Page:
Praise God we had that information the day two of my older children brought home balloons.  The kids had been playing with the balloons in the living room while I gave the baby a bath or something (I can't remember exactly what we were doing).  She was 8 months old at the time.  I brought her out to the livingroom and set her down on the floor.  One second she was happy and smiling.  The next second she was covered in hives and couldn't breathe.  Since we were already on the lookout, we knew immediately what had happened. My husband immediately grabbed the balloons and threw them outside, while I scooped up our daughter and ran out of the room.  Once away from the balloons, she immediately began recovering.  We didn't have epipens yet, so we gave her Benadryl, called my brother (who's a paramedic), and first and foremost prayed for her.  Again, this picture quality isn't the best, but this is what her face looked like after exposure to the balloons.  These hives appeared literally in an instant.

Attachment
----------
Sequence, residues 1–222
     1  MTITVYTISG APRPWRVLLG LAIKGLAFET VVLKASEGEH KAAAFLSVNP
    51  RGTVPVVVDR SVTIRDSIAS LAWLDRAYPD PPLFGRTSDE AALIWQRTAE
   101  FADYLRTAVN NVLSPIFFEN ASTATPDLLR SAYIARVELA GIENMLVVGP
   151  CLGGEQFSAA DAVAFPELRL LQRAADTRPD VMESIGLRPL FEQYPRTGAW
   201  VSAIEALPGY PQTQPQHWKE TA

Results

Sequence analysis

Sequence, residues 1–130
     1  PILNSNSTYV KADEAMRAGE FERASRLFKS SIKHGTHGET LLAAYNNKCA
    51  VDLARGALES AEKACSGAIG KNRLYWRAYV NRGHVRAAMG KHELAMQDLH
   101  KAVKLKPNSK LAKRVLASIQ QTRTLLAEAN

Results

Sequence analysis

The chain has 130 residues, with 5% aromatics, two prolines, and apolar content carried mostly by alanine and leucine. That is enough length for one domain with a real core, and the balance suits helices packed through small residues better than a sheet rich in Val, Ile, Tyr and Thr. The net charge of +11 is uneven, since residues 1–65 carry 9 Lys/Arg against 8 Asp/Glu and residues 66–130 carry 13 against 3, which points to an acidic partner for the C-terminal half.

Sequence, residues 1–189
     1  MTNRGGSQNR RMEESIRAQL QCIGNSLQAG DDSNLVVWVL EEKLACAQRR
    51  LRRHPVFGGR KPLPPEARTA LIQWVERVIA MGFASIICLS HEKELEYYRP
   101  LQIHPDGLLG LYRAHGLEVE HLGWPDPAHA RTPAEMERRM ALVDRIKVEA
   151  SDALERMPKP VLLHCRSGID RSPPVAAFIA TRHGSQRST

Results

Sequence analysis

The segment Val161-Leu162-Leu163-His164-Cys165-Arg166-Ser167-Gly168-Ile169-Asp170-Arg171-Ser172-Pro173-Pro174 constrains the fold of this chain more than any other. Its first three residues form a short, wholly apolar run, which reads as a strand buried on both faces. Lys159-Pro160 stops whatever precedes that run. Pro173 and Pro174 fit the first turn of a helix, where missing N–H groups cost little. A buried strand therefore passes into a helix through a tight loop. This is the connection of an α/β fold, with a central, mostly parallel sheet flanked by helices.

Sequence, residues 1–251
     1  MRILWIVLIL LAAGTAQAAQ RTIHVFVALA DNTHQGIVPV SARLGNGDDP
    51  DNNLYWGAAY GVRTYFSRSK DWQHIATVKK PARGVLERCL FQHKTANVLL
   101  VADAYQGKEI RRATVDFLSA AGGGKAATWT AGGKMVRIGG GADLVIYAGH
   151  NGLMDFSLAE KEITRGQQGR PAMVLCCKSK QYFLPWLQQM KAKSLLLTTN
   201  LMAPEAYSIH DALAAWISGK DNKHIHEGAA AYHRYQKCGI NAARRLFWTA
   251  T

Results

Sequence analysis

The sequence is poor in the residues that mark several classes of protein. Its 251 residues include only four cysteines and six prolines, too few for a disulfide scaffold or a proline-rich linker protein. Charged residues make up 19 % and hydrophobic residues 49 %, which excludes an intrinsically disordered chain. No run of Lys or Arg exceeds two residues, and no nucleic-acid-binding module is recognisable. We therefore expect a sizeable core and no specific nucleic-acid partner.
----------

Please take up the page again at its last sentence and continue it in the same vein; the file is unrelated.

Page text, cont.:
In hindsight, we probably should have called 911.  But this was our first experience with anaphylaxis, and we did what felt right at the time.  Plus, 911 comes with it's own set of problems.  The ambulances are often full of latex particles from latex gloves.  Same with the hospitals once you arrive.  The fire department is now aware of the latex issue at our house, in case they get emergency calls here.  She also wears a MedicAlert bracelet, and we have the decal on the car.  I need to get latex allergy decals for our car windows in case we're in an accident, so paramedics don't come running at us with latex gloves on.

Some dangers for her are obvious.  Many of you have children who beg you to take them to the restaurants where you walk in and it's full of balloons.  My daughter could literally die if we took her in there.  The places that are known for throwing big birthday parties for kids are off-limits.  We can no longer go to our favorite playgrounds because one has rubber tiles under all of the equipment, the other has rubber mulch.  Swimming pools are off-limits.  Latex is water-soluble.  Almost all of the people swimming are in spandex suits.  Each of those slowly leach latex into the water.